In India where people tend to stand on their right to disrupt in the name of religion, the Delhi government
has demonstrated that it is possible to impose discipline on religious festivities without hurting their so-called sentiments. This year, the state government managed to ensure that no idols were immersed in the Yamuna
after the Ganesh Chaturthi and Durga Puja
festivities. This is the first time this has occurred and is no small achievement on the Arvind Kejriwal
government’s part, especially at a time of heightened politically motivated public displays of religiosity.
To be sure, Mr Kejriwal was following the directives of a National Green Tribunal
(NGT) order passed last year. This order came after the findings of tests conducted by the Central Pollution Control Board (CPCB) after Durga Puja
and Ganesh Puja immersions last year. The tests revealed untenably high concentrations of chromium, lead, nickel, and mercury, which made the river unfit for bathing. The NGT had suggested setting up colony-level immersion pools to ensure that the idols did not come to the Yamuna
for immersion. The Kejriwal government, however, chose not to rely on the arbitrary compliance of local residents’ welfare associations (RWAs). Instead, it rose to the occasion, literally, by setting up of 89 immersion pools across the city to ensure that the exercise did not become too burdensome for the puja committees. More remarkably, the state administration worked in rare cooperation with the Delhi Police — over the control of which Mr Kejriwal has had many famous run-ins with the lieutenant-governor and the Union home ministry. Police personnel were co-opted to man the immersion ghats and ensure that immersion traffic was diverted to the pools. Police were present every 20 metres along the traditional immersion sites to ensure that no one slipped through the gaps. It is worth noting that the idea of immersion pools is not specific to the Delhi state government. The NGT had, in fact, drawn on the idea from Surat, Gujarat, a hotbed of Hindutva ideology, which successfully enforced a ban on idol immersion in the River Tapti.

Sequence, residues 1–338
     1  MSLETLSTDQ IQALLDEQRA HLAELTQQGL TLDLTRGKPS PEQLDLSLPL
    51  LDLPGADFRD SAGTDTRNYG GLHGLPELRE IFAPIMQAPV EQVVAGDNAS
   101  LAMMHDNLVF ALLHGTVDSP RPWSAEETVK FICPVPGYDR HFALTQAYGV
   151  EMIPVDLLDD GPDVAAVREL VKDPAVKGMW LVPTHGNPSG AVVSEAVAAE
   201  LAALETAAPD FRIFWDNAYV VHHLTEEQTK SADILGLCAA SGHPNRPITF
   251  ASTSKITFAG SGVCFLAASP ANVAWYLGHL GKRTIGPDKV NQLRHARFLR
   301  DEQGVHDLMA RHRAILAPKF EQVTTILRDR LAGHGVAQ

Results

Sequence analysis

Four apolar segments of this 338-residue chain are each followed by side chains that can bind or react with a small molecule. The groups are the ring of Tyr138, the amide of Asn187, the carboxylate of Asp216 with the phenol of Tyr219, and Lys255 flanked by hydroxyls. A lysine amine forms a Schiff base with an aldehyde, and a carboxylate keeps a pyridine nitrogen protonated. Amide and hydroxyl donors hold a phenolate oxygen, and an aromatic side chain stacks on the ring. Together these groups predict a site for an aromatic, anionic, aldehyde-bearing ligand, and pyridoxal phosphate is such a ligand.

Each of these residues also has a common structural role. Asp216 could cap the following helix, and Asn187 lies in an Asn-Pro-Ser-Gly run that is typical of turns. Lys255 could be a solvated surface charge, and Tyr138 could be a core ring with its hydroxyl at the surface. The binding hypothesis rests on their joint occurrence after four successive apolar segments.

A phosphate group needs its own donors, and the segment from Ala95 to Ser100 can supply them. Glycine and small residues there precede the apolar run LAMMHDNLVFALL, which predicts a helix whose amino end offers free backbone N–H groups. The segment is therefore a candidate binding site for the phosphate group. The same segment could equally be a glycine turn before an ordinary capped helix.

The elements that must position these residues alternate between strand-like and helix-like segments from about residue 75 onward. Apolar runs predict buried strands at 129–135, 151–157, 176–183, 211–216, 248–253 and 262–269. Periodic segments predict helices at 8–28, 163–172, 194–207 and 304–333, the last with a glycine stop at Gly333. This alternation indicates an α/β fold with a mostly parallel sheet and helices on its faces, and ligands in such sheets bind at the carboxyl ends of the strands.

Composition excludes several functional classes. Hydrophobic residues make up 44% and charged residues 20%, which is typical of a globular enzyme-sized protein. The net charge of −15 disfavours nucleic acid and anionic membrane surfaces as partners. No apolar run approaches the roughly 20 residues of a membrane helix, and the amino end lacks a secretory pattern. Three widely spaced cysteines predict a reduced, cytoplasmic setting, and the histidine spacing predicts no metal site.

That this event occurred without major disruption, beyond the expected grumbling from some RWAs, is testimony to the state government’s ability to mobilise cooperation across stakeholders to achieve goals in the public interest. The seamlessness with which the state government has managed to organise its odd-even traffic orders in cooperation with local enforcement agencies is another case in point. Both these events suggest that it is well within the state government’s ability to work with RWAs and the police to enforce a ban on burning crackers during Diwali.
It may be recalled that it is the Delhi Police’s cussed refusal to cooperate with the state government and enforce a Supreme Court order prohibiting the burning of crackers during the festival of lights that turns the National Capital Region (NCR) into a sinkhole of lethal air toxicity for at least a week that followed.
Equally, it should not be impossible for Mr Kejriwal to take the lead in curbing pre-sowing stubble burning in surrounding fields that shroud the NCR in lung-burning smoke for days. The odd-even traffic scheme that he has launched for the first fortnight this November is but a unilateral initiative to tackle this biannual menace and past schemes have not yielded conclusive evidence of reduced air pollution. Equally, it is hard to see why the state government cannot enforce effluent norms on factories near the Yamuna.
In the immediate future, however, it is vital that the state government ensures that these best practices in idol immersion are institutionalised so that the city does not lapse into the bad old practices if the political regime were to change.